Breaking Down How the Steelers Defense Shut Down Andy Dalton, Bengals
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The Pittsburgh Steelers took on and defeated the Cincinnati Bengals on Sunday night, 24-17, by attacking and shutting down the Bengals passing offense. With few gains to be had and seemingly no time in which to earn them, the Bengals had just 185 total yards of offense, with 105 of them coming from quarterback Andy Dalton.
In the previous weeks, it appeared that the Steelers' biggest weakness was in stopping the passing game. However, they reversed course against the Bengals in Week 7. Let's take a look at they ways in which they accomplished this.
Cutting off A.J. Green and the Deep Ball Cuts off All Offensive Production
The Steelers defense focused the majority of its attention on keeping the Bengals top receiver, A.J. Green, contained, effectively shutting down Dalton's ability to throw the ball deep. Green had just one reception on the night, an eight-yard touchdown catch, despite being targeted six times.
With Green contained and receivers Armon Binns and Marvin Jones both sidelined with injuries, Dalton was left with Mohamed Sanu and Ryan Whalen—neither of whom are deep threats nor speedy targets. The field was cut off for Dalton; there was no going deep.
Well, there was, but it wasn't successful. Steelers cornerback Ike Taylor was assigned to Green throughout the night, but considering his less-than-stellar season up to this point, he was given help. The Steelers operated out of the dime defense—six defensive backs—to provide extra assistance deep.
The dime defense is why the Bengals had so much success early on in running the ball, but once Dalton realized that going deep was no longer an option, the Steelers could toughen up front. Bengals running back BenJarvus Green-Ellis had 46 first-half rushing yards; in the second, he had a mere 23.
Taylor also managed to make plays on his own. In the fourth quarter, he batted away a third-down pass to Green. He was able to jump the route and cut Green off because he knew there was no going deep at that point for Dalton.
It was a calculated defensive approach the Steelers employed to shut down the Bengals' passing offense, and they executed it perfectly. They didn't even have to bring constant pressure to do it; simply rendering Dalton's receivers incapable of catching passes that matter or earning yards after the catch took care of the job.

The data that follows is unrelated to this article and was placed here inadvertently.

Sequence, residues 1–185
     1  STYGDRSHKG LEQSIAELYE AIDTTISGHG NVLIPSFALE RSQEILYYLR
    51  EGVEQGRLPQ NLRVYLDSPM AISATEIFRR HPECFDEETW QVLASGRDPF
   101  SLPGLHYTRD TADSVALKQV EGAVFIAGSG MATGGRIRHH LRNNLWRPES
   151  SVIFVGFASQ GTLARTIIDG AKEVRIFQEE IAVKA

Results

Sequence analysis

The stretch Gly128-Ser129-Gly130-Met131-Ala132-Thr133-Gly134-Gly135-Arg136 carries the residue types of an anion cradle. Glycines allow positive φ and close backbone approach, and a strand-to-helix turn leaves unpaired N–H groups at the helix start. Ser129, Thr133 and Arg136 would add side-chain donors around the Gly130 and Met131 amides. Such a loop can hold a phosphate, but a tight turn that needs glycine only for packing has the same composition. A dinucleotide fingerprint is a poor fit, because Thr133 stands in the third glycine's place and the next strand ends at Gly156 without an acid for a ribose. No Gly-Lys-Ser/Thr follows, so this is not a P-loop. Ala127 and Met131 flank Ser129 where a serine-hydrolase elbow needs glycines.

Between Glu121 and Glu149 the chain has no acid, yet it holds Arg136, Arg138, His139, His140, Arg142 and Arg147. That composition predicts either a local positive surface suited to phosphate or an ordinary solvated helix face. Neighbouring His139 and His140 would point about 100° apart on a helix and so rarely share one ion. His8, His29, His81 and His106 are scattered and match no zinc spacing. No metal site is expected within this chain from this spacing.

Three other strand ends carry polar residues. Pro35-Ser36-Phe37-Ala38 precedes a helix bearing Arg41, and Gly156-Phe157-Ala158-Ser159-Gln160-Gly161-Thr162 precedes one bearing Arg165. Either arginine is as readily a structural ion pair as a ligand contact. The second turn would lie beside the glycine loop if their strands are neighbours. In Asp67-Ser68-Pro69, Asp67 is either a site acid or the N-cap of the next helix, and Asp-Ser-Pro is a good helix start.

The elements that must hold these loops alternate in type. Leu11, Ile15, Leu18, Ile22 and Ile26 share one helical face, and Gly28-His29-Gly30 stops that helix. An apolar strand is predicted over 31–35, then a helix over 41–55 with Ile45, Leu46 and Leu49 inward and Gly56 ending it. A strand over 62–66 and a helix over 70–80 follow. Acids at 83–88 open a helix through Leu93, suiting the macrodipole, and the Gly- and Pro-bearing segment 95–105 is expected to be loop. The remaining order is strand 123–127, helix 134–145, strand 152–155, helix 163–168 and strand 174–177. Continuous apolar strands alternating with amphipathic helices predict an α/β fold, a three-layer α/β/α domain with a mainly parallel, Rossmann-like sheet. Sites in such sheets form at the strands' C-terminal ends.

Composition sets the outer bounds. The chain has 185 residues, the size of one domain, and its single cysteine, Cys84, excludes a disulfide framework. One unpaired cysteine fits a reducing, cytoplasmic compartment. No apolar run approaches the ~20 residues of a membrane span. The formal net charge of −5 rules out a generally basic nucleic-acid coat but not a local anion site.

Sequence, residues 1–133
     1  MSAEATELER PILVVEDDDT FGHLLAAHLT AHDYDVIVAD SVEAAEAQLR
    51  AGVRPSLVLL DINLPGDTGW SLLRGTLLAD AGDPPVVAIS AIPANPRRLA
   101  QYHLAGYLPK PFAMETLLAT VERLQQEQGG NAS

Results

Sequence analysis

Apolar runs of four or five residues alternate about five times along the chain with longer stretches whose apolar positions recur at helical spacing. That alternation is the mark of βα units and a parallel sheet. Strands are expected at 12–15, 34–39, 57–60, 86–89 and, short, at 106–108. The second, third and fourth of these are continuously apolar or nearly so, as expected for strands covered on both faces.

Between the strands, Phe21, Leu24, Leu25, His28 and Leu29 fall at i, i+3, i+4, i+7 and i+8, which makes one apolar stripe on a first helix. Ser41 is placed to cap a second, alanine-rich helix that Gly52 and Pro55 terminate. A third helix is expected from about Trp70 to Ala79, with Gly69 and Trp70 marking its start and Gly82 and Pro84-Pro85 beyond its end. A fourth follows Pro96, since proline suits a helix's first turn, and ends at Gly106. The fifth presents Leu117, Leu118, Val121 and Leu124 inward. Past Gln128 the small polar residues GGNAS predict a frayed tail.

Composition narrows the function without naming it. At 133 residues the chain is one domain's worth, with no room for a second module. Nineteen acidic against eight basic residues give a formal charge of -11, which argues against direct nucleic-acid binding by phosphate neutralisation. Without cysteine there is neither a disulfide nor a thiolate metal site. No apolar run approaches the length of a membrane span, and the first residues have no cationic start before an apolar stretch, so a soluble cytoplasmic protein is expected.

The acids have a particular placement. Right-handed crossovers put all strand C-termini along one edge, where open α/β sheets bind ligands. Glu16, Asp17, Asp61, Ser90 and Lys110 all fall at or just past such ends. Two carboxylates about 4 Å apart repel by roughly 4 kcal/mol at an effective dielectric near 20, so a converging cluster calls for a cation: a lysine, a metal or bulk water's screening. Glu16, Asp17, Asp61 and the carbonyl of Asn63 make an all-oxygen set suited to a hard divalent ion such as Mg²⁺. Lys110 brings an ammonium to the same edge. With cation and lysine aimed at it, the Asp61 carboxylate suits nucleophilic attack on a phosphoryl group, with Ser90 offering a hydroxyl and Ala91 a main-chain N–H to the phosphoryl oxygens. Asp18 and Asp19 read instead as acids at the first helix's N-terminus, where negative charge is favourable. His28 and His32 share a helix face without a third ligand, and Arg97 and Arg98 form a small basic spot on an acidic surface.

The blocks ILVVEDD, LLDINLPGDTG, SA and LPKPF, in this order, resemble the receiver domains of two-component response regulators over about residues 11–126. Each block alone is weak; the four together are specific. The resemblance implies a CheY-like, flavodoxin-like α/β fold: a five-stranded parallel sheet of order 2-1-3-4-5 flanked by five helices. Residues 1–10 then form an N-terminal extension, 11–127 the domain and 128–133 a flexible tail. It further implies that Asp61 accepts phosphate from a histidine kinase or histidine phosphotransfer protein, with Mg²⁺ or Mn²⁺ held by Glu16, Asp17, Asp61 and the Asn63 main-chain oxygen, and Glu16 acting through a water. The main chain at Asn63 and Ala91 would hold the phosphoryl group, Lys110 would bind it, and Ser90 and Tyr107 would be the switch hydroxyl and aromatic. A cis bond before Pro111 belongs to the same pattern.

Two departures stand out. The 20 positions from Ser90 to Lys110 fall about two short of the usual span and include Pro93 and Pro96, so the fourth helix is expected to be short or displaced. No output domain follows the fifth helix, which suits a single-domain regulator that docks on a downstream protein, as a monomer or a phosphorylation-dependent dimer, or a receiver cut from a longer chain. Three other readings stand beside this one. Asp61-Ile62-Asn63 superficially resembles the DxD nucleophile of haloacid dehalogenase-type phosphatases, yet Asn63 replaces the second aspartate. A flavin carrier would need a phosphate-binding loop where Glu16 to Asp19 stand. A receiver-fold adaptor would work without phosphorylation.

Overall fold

The Steelers defense didn't sack Dalton once, but that doesn't mean its presence wasn't felt. Blitzes, while allowing Dalton to get the ball out, shook his confidence enough to prevent him from throwing with accuracy and confidence. It was as though the pressure the Steelers employed was more successful from a psychological standpoint than a physical one.
For the two previous weeks, Dalton faltered when defenses brought heat. He was intercepted five times in those two games and threw inaccurate passes at an alarming rate.
In one series on Sunday, Dalton make two mistakes. One was a poorly-thrown pass while facing a blitz that was deflected by Pittsburgh's Ziggy Hood. It was tipped, but not intercepted, while the Steelers brought a blitz.
Dalton's lone interception against the Steelers came two plays later. It was caused by a combination of his issues with decision-making when the chips are down and a smart play by Pittsburgh linebacker LaMarr Woodley. Dalton threw the ball badly, hitting one of his offensive linemen in the helmet, with Woodley catching the deflected ball. The interception led to a Steelers touchdown and a game-tying two-point conversion.
The Steelers headed into this game with the best third-down conversion percentage and one of the best average times of possession. They continued on this path on Sunday night, and the result was a decisive win.
For a team to control the clock the way the Steelers have—an average of 34:49 per game—their offense needs to execute in a certain way. They cannot just take deep shot after deep shot and limit their drives to under two minutes with big scoring plays.
Pittsburgh quarterback Ben Roethlisberger has derisively described his offense under new coordinator Todd Haley as "dink and dunk," but that more conservative approach is directly related to its new-found ability to control the clock.
Short completions in succession extend drives, and that was the name of the game against the Bengals on Sunday night. Also helpful—and something they haven't been able to master before Week 7—was running the ball. The Steelers put up 167 total yards of rushing offense, with 122 of those belonging to Jonathan Dwyer on 17 carries.
Running the ball does more than protect a lead (something the Steelers didn't truly have until the start of the fourth quarter); it also eats time. The more time Pittsburgh's offense has the ball, the less time the Bengals will have.
Of course, the Steelers defense also has to do its part to limit its opposition's time of possession. It did so against Cincinnati, in the ways detailed above, which helped the team along to over 37 minutes of possession.
If a team controls the clock, it more than likely controls the game unless major mistakes kill drive after drive. Though Pittsburgh's offense didn't play mistake-free football on Sunday night—Roethlisberger turned the ball over twice—it still managed to smother Cincinnati on both offense and defense.
Simply enough, the Steelers had a highly-detailed blueprint for exactly how to shut down the Bengals on Sunday night, and they executed it to near-perfection. The result was an ever-important divisional win and their first road victory of the season. If they can keep this up, the Steelers will be back to their usual, dominant form in seemingly no time.
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